“That’s about $10 more for homeowners,” added Trustee Cardona. Cardona acts as the budget officer for the village.
“Each year, we deal with pretty much the same challenge, which is to continue to provide the services our residents need, and to try to do that without incurring additional costs,” Mayor Conway said. “We make decisions on which services to continue providing, and what services to curtail, though none were curtailed this year. I think we’ve done that with a relatively small impact on the tax rate.”
There is, however, an ever-widening hole in Voorheesville’s revenue pool. Metered water sales are down $30,000.
“Water conservation is great for our water supply, but as Atlas Copco slowly weans away from purchasing our water, and starts to recycle more, we see our revenues drop drastically,” said Cardonna. “This is our biggest issue right now,” he said.
The Voorheesville Village Board tightened its water regulations for outside users in May.
Residents outside the village who purchase Voorheesville water and are behind in their bills now have to pay sooner, or they face having their water service cut off. Residents outside the village who are delinquent in paying their water bills as of May 1 of the following year will be charged a $100 administrative fee along with having to cover the cost of a mailed notice from the village.
Prior to this, outside purchasers of village water had until May 31 to pay their bills from the previous year, after which they risked losing their water. But this, Trustee Cardona said, caused the village problems.
“Basically, for this year, the water bill goes out on June 1 whether you’re in the village or out of the village,” Cardona said. “You have until July 31 to pay it, after which you will incur late fees. We reserve the right to terminate the water service the following May.”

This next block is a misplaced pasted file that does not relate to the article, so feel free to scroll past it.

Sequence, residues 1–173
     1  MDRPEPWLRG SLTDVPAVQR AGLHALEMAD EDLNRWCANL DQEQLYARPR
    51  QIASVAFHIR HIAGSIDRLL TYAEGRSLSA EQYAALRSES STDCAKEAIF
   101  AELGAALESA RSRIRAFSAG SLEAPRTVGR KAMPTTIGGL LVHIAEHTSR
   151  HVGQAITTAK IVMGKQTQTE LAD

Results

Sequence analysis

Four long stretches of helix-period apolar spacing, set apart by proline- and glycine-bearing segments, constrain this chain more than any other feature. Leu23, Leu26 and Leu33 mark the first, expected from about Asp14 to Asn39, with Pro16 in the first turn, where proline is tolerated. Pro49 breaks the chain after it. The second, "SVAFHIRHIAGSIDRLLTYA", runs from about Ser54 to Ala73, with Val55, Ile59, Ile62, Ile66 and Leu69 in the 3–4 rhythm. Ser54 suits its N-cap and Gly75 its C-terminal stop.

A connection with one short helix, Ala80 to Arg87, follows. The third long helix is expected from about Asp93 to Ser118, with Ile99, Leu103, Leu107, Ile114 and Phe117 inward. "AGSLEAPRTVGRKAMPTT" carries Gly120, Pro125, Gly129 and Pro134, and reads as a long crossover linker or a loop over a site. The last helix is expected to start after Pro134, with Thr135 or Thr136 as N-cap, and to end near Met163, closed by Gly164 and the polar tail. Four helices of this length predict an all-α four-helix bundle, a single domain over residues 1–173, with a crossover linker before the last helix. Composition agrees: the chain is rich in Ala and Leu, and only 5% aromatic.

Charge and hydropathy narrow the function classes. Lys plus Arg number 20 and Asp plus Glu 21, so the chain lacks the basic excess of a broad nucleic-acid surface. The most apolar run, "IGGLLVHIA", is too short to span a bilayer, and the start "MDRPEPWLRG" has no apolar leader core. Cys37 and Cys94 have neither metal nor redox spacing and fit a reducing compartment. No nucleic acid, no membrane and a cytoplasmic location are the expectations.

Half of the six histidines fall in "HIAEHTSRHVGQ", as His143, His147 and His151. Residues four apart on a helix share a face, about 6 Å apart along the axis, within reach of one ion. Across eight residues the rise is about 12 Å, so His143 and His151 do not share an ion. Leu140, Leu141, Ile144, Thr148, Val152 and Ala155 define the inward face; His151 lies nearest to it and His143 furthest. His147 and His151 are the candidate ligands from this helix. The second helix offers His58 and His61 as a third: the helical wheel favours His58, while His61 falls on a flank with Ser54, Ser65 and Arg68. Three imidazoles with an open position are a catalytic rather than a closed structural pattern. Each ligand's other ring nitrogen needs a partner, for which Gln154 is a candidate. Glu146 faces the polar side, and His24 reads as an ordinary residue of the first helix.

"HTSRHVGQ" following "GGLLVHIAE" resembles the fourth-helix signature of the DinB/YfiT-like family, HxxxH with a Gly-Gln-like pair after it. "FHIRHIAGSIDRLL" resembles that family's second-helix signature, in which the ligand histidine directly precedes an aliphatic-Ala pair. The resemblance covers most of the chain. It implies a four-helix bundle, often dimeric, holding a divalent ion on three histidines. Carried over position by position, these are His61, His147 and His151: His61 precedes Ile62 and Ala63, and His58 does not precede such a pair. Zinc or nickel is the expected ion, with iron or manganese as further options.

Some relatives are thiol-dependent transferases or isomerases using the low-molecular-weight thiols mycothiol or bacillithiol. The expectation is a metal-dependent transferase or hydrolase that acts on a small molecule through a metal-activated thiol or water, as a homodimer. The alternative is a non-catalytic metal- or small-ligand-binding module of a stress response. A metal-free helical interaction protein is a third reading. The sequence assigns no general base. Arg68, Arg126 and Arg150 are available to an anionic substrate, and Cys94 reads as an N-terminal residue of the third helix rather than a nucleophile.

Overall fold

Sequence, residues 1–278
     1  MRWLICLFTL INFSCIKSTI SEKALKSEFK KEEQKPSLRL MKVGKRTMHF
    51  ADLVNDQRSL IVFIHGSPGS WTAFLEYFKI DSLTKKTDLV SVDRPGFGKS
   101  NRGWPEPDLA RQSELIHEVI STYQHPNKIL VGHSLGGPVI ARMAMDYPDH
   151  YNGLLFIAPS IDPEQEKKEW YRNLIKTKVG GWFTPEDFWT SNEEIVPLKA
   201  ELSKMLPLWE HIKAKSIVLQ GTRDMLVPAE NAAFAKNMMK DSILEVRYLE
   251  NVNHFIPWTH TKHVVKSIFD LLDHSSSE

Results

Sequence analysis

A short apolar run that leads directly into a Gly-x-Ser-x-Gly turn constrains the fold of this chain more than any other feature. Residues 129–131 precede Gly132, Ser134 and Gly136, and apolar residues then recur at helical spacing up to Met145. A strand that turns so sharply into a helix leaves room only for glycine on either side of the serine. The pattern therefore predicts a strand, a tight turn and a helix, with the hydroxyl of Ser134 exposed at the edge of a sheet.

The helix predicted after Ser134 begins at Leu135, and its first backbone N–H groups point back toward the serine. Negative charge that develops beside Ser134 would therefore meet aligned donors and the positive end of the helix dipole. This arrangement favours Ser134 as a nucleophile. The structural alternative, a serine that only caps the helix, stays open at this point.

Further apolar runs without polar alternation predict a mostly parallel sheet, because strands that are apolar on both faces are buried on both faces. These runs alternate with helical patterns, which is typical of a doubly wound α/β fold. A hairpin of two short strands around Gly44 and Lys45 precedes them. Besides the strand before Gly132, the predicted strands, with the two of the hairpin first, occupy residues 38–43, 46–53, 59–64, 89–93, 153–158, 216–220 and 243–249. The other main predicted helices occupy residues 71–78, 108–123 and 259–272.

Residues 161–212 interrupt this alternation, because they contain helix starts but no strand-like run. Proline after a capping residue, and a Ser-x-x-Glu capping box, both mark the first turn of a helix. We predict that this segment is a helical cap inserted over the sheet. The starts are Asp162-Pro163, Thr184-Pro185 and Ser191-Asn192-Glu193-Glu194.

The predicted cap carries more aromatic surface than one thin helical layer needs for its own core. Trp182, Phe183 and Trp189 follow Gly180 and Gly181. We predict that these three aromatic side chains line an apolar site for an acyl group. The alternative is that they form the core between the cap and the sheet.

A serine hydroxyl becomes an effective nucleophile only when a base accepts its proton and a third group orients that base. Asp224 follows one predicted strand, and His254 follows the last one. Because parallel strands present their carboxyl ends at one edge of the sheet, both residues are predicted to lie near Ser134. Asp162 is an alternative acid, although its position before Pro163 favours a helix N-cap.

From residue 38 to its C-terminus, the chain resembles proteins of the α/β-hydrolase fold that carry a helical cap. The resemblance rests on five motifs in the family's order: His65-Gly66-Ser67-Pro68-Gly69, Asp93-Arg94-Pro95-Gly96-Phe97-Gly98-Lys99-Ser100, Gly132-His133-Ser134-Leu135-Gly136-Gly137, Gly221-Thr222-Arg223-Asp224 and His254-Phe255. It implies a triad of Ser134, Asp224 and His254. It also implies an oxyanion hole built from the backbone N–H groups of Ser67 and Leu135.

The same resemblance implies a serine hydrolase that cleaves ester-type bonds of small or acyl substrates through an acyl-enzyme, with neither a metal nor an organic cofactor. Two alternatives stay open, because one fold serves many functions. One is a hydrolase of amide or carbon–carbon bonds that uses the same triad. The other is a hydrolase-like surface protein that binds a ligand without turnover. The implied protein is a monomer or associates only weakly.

Several initiatives drew to completion this year in Voorheesville.
Three years ago, the village made plans to upgrade the 40-year-old firehouse on Route 156 in a million-dollar project that Trustee John Stevens, who was then the mayor, called “functional not fancy.” More space was needed for training, equipment, and community events and the building was to be renovated to comply with current codes.
Despite controversy particularly over the floor finish and the looming threat of a lawsuit, Dutch Valley General Contracting finished its work in late August. The village made a last payment of $53,000 to Dutch Valley in September.
After years of controversy over billing for ambulance services, the village board heard its first report at its November meeting on revenue recovery payments.
In 2005, the ambulance squad had decided against revenue recovery, where the insurance companies of patients are billed for services. Since it’s a volunteer squad, members felt that charging for services didn’t seem right, Captain Lawrence Pakenas explained last year.